January 29, 2008
Spaces in a Print Poem
The numbered stanzas of a poem may imply that the spaces between each stanza are longer than what the actual page is capable of showing. This is one of the limits of the print page. There is also an uncertainty in the units each space is measured in. These could be seconds, hours, years, or maybe inches or miles.
Because we are unsure about the amount of space that links each stanza together, we can only imagine the duration of the spaces. In “3 X 111 TRISTYCHS” (p. 95 Poems for the Millennium), the numbers of each stanza are not ordered in any particular way, at least to the reader. Whatever the unit of measurement is (if it is a unit of measurement at all), the reader travels to the next stanza at a constant speed, because visually, they are all evenly spaced. However, the numbers of each stanza don’t imply this. Some gaps are so large that I wonder if the writer is pretending that stanzas are actually left out. This suggested absence allows the reader to imagine what might have been there, or what could be there.
In “Blanco,” By Octavio Paz, stanzas aren’t numbered, but spaces appear between actual words. Some lines start on the right side of the page, some on the left. It is as though the reader is given a map to follow, as directions are implicitly given so we can navigate through each word. The gaps between some of the stanzas are like stop signs on our journey, visual and vocal pauses. Some stanzas are in bold, some in italics (I am not exactly what to make of these differentiations). They also lie side by side to one another, so I wonder if one is meant to be read first. I wonder what might happen, how the meaning might change, if the italicized part is read first, then the bold, or vice versa. What might change if we backtrack and go in reverse? This may be taking a road less traveled, one that is more difficult, but perhaps this is the more exciting or illuminating route. Its uncommonness may provide a different perspective. The ambiguity of the spacing lends multiple routes, I think, to the final lines of a poem. This is something I appreciate — the fact that there is more than one way to approach and come to achieve something.
January 22, 2008
Metaphor as a technological device
Metaphor serves a very important purpose in the life of a poem. It is the quickest way to travel from point A to B. In fact, the transition is so fluid it almost goes unseen. We may be unaware of the transition, but once we reach point B we know that we have made some kind of journey.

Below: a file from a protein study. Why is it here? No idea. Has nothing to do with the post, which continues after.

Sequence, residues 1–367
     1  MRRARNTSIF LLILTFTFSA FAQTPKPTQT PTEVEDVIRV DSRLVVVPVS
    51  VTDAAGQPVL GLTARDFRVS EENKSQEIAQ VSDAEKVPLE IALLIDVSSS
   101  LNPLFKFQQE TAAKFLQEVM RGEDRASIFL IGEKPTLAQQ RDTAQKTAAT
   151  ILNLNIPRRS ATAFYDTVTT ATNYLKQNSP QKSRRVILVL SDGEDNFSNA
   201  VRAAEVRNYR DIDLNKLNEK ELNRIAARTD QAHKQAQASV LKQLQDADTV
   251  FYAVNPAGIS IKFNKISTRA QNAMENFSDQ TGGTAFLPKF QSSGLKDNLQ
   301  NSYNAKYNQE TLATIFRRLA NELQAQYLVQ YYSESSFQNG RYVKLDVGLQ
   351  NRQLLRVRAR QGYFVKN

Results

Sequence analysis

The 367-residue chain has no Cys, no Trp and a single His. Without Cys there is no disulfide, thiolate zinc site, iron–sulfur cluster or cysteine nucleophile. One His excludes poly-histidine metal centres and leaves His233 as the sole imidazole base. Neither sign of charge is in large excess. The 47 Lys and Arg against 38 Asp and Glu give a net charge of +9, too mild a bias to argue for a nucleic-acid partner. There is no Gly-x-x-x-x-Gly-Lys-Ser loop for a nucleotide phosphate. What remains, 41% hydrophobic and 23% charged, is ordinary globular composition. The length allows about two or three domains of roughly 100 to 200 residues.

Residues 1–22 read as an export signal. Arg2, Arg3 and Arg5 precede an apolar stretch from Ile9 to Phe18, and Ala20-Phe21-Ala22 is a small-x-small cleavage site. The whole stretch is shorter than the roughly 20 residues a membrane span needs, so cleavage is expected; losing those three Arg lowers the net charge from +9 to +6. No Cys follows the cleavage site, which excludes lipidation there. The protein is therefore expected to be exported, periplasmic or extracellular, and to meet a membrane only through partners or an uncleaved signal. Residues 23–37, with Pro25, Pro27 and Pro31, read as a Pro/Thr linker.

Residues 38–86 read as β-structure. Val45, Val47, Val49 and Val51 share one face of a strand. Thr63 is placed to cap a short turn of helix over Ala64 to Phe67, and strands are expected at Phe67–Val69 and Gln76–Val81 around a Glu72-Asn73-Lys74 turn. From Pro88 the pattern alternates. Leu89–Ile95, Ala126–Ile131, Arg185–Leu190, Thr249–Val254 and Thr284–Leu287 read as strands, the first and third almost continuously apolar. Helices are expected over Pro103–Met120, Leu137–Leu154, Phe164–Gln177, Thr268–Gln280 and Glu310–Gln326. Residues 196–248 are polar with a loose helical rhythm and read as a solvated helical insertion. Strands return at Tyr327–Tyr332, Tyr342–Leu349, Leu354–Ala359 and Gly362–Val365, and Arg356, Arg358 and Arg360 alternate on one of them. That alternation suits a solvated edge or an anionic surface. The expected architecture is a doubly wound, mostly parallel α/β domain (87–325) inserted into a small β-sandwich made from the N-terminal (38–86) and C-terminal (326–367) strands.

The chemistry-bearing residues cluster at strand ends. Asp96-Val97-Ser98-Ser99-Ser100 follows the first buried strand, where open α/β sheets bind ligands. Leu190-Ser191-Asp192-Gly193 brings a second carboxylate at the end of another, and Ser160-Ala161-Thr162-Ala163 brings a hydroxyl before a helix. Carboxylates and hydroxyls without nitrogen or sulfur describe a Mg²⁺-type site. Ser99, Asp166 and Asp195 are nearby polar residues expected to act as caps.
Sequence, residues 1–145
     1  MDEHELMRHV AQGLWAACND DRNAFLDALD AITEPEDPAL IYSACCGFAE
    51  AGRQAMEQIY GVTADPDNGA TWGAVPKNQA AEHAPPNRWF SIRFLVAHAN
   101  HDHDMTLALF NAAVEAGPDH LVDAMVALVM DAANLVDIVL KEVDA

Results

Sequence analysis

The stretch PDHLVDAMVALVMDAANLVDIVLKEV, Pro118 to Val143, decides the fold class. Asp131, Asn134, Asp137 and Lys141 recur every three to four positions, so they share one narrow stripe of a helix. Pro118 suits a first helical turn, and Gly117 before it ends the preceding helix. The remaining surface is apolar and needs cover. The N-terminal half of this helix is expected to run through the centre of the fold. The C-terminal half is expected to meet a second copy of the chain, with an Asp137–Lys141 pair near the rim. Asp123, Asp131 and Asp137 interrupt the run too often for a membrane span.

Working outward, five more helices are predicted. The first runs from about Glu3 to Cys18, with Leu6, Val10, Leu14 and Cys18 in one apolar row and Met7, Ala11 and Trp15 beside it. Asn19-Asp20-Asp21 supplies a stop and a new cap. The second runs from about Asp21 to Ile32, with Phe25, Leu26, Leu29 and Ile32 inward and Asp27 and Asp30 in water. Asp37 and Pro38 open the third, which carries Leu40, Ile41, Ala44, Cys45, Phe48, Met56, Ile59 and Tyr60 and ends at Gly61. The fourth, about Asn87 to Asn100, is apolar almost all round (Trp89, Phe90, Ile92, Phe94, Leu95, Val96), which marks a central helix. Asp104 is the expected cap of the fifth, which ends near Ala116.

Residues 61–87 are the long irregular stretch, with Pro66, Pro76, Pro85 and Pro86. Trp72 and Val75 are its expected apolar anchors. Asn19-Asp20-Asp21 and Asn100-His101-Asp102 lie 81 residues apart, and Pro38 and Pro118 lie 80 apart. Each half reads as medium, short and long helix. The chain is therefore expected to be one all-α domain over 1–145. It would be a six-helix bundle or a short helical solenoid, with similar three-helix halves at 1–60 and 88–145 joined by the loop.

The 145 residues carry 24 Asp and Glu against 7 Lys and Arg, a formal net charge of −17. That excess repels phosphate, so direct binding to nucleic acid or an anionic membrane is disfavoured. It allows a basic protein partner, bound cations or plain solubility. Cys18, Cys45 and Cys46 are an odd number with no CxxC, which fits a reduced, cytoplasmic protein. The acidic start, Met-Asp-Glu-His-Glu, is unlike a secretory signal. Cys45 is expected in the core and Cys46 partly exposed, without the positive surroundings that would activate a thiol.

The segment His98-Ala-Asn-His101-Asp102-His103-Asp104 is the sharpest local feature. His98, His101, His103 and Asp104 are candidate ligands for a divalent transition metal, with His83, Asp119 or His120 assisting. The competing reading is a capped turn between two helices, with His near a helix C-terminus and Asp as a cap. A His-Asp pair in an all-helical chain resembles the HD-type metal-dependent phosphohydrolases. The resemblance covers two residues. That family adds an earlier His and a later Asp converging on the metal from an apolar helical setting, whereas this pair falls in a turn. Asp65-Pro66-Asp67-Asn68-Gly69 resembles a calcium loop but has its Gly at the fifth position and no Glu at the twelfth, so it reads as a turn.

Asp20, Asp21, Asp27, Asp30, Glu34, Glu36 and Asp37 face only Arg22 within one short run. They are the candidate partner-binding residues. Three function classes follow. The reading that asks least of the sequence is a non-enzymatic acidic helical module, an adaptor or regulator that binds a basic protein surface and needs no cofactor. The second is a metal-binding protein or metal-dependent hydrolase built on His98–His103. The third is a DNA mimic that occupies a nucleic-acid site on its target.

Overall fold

Here are a few:
“Grey trees whose lungs had filled up with winter
suddenly exhaled a breath of leaves”- James McGonigal
Langston Hughes- Dreams
Hold fast to dreams
For if dreams die
Life is a broken-winged bird
That cannot fly.
Hold fast to dreams
For when dreams go
Life is a barren field
Frozen with snow.
Stanley Kunitz- First Love
At his incipient sun
The ice of twenty winters broke,
Crackling, in her eyes.
Her mirroring, still mind,
That held the world (made double) calm,
Went fluid, and it ran.
There was a stir of music,
Mixed with flowers, in her blood;
A swift impulsive balm
From obscure roots;
Gold bees of clinging light
Swarmed in her brow.
Her throat is full of songs,
She hums, she is sensible of wings
Growing on her heart.
She is a tree in spring
Trembling with the hope of leaves,
Of which the leaves are tongues.
Metaphor can also be illustrated visually, as this painting shows:
What is technology?
Technology is a form of advancement. It suggests that the kind of movement occurring is efficient when it comes to completing a task or reaching a certain destination. When we limit the amount of time and energy we expel in a task by using technology we are in effect, maximizing the success and quality of our outcome. Usually. This is where the dangers of technology factor in. Embracing technology means giving up control. We let machines and intricate devices take over while we let our hands and minds rest. This is where I begin to wonder how much technology is too much?
Our mark on a product goes unseen when technology plays its role. The personal attachment is gone. There are no fingerprints, no evidence of human interaction. Then again, just because we cannot see it, doesn’t mean it isn’t there. Perhaps the technology itself is the biggest and most visible sign of humanity’s lasting imprint. It is proof that somewhere at sometime people came together to become co-makers, their product or plan for doing things is a result of their ideas.